[stella] The Seven Year Itch: INV Returns - inv33004.bin

Subject: [stella] The Seven Year Itch: INV Returns - inv33004.bin
From: Erik Mooney <erik@xxxxxxxxxx>
Date: Tue, 30 Mar 2004 22:27:12 -0500
After I posted my DASM question to the list, Albert Yarusso emailed me
privately notifying me about royalties from INV purchases on AtariAge.  At
that moment, it finally really registered with me that this game was out
there for sale, and people are buying it, probably unaware that it was
never really finished.  That bothered me enough that I couldn't work on a
new 2600 project with a clear conscience.

So here it is.  Seven years later, INV is at last complete.

I'm open to suggestions for tweaks and polish, but not for new features.
The chief reason that initially made me stop working on this was that I
thought it was close to done, but there were so many features and game
variations that could be added that I got overwhelmed thinking about them.
I do NOT plan to add any new features to the game now.  It's complete to
where it recreates the arcade Space Invaders as well as I can do from this
code-base, plus two-player simultaneous play.

Things that I might still do:

- rework the player-death sequence to match the arcade, if that seems

- proper PAL timing and colors (switchable with B/W switch); can someone
point me to a good reference on the colours?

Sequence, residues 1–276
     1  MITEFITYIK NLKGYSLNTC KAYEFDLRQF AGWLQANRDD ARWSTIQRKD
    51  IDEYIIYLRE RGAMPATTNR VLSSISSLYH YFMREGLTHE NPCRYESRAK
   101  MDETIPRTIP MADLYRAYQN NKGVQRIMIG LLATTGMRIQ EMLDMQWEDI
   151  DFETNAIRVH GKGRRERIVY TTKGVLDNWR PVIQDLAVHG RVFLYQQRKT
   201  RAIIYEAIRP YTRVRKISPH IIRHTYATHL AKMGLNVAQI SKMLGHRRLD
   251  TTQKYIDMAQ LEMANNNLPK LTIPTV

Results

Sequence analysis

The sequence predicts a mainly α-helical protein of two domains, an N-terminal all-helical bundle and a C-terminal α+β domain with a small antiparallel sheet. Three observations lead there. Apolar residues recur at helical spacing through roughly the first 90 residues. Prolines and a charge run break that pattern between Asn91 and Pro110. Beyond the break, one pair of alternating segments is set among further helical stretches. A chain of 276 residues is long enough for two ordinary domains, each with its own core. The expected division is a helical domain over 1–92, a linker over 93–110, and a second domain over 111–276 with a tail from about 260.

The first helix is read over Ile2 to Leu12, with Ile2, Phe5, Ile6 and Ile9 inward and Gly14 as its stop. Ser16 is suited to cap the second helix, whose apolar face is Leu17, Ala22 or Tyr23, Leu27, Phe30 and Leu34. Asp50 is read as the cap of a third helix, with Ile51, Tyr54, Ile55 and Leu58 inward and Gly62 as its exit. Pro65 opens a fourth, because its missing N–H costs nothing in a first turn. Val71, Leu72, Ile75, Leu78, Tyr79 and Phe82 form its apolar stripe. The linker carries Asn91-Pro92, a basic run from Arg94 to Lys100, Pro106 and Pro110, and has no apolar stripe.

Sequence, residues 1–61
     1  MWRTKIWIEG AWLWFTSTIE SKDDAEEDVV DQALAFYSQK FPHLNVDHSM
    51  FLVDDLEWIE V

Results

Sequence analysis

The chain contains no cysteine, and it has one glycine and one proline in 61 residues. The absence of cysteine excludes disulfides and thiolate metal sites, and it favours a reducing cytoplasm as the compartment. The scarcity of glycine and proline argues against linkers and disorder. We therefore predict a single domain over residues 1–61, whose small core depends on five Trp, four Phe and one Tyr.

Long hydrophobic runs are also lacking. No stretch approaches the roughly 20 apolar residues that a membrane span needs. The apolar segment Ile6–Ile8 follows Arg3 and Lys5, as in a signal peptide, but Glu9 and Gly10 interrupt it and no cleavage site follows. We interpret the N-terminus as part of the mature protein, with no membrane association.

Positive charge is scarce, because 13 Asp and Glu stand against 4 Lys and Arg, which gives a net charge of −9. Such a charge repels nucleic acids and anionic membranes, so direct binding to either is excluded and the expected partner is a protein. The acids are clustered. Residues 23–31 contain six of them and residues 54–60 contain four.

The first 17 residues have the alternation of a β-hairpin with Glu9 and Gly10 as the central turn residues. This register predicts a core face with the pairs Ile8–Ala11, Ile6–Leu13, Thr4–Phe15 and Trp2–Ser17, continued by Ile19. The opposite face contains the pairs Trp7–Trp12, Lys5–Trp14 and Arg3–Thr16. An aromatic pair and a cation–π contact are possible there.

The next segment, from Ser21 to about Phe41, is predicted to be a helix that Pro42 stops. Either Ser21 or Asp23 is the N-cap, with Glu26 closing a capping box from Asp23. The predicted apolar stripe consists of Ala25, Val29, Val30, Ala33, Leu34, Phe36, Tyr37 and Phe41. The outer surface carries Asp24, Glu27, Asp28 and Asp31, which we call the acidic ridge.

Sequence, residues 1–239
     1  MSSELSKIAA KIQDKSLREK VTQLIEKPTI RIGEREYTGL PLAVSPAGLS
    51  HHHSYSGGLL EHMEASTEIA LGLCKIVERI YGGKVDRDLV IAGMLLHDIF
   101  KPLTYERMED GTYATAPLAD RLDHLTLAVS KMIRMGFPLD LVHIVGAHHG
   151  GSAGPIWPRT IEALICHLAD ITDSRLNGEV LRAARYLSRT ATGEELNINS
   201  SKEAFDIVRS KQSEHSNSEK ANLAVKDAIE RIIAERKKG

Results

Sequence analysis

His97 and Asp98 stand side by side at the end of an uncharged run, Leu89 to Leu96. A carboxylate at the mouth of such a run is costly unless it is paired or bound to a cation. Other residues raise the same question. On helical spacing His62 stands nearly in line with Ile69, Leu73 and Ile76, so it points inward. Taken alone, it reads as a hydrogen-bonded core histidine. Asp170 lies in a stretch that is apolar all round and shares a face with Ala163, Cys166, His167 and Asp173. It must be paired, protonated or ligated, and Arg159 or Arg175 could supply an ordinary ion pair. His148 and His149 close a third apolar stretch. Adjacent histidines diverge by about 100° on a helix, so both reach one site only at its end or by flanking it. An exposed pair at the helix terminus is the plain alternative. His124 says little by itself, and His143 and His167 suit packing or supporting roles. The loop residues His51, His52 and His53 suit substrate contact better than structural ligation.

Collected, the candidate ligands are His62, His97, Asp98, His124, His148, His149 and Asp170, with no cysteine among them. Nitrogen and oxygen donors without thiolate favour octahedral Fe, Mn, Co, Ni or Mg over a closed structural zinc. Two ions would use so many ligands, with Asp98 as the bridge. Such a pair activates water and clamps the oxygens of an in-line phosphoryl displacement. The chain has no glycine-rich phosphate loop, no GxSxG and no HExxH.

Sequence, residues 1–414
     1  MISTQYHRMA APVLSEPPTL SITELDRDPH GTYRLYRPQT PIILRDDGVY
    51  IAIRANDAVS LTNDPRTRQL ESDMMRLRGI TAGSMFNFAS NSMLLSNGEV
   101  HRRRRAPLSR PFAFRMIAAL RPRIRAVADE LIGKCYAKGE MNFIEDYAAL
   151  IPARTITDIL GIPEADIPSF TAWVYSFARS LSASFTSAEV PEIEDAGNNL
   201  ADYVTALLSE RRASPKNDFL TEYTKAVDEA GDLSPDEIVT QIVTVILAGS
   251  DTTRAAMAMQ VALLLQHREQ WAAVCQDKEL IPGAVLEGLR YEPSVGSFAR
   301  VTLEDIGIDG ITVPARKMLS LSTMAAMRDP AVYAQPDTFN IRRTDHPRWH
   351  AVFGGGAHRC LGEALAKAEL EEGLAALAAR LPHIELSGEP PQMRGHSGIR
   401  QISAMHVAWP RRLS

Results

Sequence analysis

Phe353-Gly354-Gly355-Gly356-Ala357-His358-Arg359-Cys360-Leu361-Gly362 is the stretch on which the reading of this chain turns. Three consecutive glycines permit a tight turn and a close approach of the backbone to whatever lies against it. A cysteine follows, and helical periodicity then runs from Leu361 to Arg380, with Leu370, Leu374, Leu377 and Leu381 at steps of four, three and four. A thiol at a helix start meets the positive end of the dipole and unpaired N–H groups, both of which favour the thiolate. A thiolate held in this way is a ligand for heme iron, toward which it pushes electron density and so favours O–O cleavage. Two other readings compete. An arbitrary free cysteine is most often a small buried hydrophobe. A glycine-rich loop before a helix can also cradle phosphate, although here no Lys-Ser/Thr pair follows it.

- fix any genuine bugs

It works on Z26 and PCAEWin.  I tried to test on a real 2600, but it seems
my 2600 power supply has died and I'll have to dig up another.  (The
machine boots up for 1-2 seconds and then the picture fades briefly before
cutting out entirely.  A multimeter shows the supposedly 9VDC power supply
is putting out 14.5V...?)  If anyone wants to test it, feel free, though
it always worked before and I didn't mess with the vertical timing and
I'll test it myself when I can.

The change-log:

Invaders now score properly.  10 points for the first two rows, 20 points
for next two, 30 for top row.

Saucer also scores properly.  300 points if you shoot it with your 23rd
shot on a board or every 15th shot thereafter.  I wasn't able to find
documentation on the exact sequence for scores other than 300.  I set it
up as arbitrarily 50, 100, or 150 (it is deterministic based on your
number of shots, not random.)

Scores are displayed in each player's color, and player 2's score is black
if it's a one-player game.

True saucer timing: it comes out every 25 seconds until fewer than 9
invaders remain.

The starting position of the invader formation on each board properly
matches the arcade, reaching a maximum at wave 7 and resetting to the
first wave position in wave 10.

Invader bombs damage shields properly.

Added extra life at 1000 points

Some other thoughts:

I must've gotten better at programming somewhere over the last few years.
The specific problem that made me balk the last few times I tried to
resume development on the game was making the invader bombs damage the
shields.  The invader bombs were stored with their X-coordinate only in